Abigail: Peacemaker





Most marriages were arranged in Abigail's time. Romantic love did not enter into the choice of a mate. Often the couple met for the first time at their wedding. A marriage was a covenant, a contract, between a man and a woman, the terms of which each was expected to honor.

Abigail is described as intelligent and beautiful while her husband, Nabal, although wealthy, was bad tempered and impossible to reason with. Nabal raised sheep and goats. During the year, David and his army protected Nabal's flocks and shepherds from Philistine raiders while never taking any of the animals even for badly needed food. When David heard that it was sheep shearing time, he requested a share in the food that was prepared to serve the laborers after the work was done. It was traditional to have a large party and extend hospitality to guests. David had every right to expect to be received with gratitude and generosity. Instead Nabal (means "Fool") insulted them and refused their request.

One of the servants informed Abigail of the situation. It is likely that Abigail often took the initiative to smooth over the problems created by her husband. She immediately set her servants the task of gathering the gifts of food that Nabal should have offered David and his men.

David was furious. He fully intended to kill Nabal, all his male relatives, and servants and take his property as the spoils of war. He and his men had never before attacked their countrymen or tried to depose Saul by force. He had used his power and influence to protect Israel and fight Israel's enemies even though he had to stay on guard against Saul's attempts to kill him. Now he had set out to murder an entire family and their servants for personal revenge.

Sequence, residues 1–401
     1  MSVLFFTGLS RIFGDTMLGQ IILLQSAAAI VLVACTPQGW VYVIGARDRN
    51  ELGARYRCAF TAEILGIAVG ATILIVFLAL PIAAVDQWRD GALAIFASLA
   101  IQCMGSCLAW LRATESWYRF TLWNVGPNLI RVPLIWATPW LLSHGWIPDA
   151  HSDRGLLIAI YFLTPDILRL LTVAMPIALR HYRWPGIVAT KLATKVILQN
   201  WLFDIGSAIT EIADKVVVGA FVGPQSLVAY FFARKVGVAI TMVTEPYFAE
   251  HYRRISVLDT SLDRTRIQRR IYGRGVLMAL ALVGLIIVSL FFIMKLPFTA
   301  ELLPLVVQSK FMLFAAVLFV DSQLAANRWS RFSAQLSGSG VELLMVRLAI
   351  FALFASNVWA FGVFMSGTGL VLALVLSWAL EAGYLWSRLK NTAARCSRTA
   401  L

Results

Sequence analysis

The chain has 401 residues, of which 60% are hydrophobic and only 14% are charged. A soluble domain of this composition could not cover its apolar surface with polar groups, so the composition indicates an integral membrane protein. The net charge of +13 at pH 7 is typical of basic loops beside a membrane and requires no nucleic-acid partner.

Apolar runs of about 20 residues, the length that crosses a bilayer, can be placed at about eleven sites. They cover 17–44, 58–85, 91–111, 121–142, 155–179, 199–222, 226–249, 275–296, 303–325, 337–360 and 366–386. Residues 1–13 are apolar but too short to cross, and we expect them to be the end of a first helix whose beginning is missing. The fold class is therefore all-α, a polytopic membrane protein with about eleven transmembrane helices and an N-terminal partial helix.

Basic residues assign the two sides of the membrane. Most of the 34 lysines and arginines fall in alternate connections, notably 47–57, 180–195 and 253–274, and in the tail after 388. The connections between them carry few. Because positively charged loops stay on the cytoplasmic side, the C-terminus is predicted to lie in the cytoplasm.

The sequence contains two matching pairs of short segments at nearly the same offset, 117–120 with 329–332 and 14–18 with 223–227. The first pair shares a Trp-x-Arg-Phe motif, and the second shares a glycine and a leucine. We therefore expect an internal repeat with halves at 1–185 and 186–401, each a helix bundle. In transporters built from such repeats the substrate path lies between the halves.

Abigail followed her servants toward David's fortified camp. Striding down the hill towards her, was this angry man and a band of soldiers intent on killing and looting.  She slid off her donkey, and bowed down with her face in the dirt. She began to plead appealing to David's sense of honor. She hoped to persuade him to spare the lives of all the men and their families who served Nabal. It's easy to imagine that Abigail had a lot of experience in appeasing her own husband and others that he had offended.

Abigail showed by her posture and her words that she realized that David had the power to take her life. She acknowledged that he and his men had been wronged. Then she gently reminded David that what he was about to do was a sin against God. David recognized the wisdom of her words and realized that God had sent her to him to keep him from carrying out this crime. He admired her so much that he offered to marry her when Nabal died of an apparent stroke brought on by his own rage.

Abigail had learned the art of peacemaking by experience. She knew that quiet strength expressed in self- control, humility, and words appropriate to the situation could achieve more than an army at full strength. She "humbled herself under the mighty hand of God" who gave her grace (favor) with David. Her quick intelligent action, her humility, and her trust in God saved the lives of her household.

Scarlett Stough

For the scripture reference list and related Bible Study Guide, go to Bible Study Guide: Abigail: Peacemaker

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